African Development Hinges on Fulfilling Continents Agricultural Potential

According to international businessman, Dr Alvaro Sobrinho, African agriculture is far from fulfilling its potential. He argues that Africa agriculture could, if properly utilised, be turned into a driving force in Africa development. For this to happen, argues Dr Sobrinho, Africa must view agriculture as a business, not a lifestyle, and invest accordingly in agricultural technologies.

In regards to agriculture, the situation in Africa is dire. With low-levels of investments, poor financing options for farmers and a lack of access to modern technologies, it is no surprise that 80% of African farmers are of the small-scale, subsistence variety, despite there being numerous innovative agricultural entrepreneurs on the continent, points out Dr Sobrinho.

On top of this, over 60% of the world’s uncultivated farm land is located in Africa. This means there is huge productive potential waiting to be unlocked. “If we want to ensure the full potential of the continent’s agricultural sector, we must take decisive action on this issue”, concedes Sobrinho.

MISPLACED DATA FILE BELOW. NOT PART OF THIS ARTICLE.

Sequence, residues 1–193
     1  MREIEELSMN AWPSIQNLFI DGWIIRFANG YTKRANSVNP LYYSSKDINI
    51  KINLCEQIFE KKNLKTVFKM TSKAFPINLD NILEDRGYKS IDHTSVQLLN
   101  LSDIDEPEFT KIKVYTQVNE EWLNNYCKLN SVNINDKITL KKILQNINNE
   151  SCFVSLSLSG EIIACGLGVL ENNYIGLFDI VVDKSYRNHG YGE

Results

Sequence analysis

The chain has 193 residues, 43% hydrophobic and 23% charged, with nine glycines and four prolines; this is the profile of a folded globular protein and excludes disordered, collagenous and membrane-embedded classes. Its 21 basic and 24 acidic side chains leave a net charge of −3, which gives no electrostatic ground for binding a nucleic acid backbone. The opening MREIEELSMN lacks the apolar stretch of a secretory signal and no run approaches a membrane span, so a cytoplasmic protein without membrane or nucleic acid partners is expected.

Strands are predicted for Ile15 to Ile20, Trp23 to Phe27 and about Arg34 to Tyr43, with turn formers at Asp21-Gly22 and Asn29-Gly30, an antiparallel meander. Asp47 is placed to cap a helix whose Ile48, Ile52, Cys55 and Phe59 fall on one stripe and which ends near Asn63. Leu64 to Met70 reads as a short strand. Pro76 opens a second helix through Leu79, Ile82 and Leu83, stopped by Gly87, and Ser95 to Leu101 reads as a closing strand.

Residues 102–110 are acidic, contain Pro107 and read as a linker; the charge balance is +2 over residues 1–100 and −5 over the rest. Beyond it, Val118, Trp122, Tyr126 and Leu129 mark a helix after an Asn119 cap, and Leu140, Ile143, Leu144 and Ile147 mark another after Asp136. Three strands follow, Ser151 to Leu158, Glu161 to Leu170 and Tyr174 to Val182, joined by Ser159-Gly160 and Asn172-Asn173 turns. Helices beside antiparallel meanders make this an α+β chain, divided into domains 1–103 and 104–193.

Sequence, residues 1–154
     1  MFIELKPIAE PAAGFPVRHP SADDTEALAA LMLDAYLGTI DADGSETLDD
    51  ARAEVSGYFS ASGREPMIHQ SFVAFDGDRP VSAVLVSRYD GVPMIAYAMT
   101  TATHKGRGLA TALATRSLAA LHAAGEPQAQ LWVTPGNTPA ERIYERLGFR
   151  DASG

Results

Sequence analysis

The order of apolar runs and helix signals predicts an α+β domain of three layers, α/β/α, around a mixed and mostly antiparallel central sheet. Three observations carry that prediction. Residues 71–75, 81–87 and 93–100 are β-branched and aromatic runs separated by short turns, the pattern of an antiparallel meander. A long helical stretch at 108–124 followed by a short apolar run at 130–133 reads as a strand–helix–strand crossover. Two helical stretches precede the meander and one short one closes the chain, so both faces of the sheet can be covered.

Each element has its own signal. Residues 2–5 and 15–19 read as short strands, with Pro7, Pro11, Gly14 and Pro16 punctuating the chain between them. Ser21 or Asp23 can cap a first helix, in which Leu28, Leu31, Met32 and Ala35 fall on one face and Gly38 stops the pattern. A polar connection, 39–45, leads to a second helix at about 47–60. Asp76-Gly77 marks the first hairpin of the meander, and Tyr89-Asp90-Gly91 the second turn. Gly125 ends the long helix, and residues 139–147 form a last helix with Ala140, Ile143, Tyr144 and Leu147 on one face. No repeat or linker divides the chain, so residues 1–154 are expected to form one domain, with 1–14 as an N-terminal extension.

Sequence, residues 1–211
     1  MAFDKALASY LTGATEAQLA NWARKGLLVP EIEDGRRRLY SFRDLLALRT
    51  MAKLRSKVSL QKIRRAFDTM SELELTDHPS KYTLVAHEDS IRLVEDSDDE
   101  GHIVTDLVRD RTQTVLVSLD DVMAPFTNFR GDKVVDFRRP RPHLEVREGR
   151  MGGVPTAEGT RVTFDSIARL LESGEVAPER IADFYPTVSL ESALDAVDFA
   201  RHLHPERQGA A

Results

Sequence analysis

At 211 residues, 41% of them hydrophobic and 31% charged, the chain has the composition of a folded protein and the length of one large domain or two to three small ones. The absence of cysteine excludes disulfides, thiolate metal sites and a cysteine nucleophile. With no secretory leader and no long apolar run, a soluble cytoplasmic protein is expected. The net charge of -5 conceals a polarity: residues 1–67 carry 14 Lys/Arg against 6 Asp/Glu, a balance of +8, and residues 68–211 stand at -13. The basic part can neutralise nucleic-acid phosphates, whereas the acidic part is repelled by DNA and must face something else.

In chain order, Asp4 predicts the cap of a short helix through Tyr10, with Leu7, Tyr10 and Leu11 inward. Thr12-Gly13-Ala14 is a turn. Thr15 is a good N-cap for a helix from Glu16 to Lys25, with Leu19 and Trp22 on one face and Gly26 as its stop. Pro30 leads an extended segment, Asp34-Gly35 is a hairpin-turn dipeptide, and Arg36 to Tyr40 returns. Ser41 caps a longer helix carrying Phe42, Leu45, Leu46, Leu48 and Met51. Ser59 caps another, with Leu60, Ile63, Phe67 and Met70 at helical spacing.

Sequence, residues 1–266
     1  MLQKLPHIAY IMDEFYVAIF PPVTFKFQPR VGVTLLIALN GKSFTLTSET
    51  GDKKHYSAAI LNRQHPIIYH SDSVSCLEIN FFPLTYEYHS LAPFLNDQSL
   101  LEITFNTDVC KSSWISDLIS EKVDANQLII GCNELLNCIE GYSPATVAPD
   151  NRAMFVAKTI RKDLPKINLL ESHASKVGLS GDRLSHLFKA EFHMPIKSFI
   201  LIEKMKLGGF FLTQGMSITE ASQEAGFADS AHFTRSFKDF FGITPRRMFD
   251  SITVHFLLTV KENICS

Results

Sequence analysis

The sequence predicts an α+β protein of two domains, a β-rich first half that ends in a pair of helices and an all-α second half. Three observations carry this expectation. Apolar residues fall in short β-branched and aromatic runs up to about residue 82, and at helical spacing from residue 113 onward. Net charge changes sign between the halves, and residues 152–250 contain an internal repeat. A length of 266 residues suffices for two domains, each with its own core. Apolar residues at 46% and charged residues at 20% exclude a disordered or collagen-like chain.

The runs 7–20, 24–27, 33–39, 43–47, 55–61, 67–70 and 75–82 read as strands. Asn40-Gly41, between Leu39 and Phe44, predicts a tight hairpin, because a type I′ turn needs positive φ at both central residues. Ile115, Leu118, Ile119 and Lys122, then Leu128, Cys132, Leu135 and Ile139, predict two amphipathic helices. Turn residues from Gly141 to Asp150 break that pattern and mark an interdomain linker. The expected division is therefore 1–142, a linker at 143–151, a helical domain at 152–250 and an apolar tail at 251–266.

To do so, Dr Alvaro Sobrinho suggests looking to successful examples of modern agricultural transformations. For this, Dr Sobrinho sets his sights on Brazil, a country, he says, which has turned its agricultural sector into a bombing industry in just a few short decades.

The key to Brazilian success claims Dr Sobrinho, has been the countries willingness to invest in its agricultural sector. In particular, Dr Sobrinho highlights the case of a new variety of soybean, developed by a government funded research institution, which doubled the countries soy production capacity.

Dr Sobrinho believes Africa could achieve the same successes as Brazil if countries are willing to “financially empowering their research agencies”. Innovative financial tools will be essential for turning Africa’s anachronistic agricultural sector into an efficient and effective, profit producing industry.

For Africa to develop in the 21st century, the continent must “use sustained investment and focus in agriculture and agri-business to underpin economic success” concludes Dr Sobrinho.

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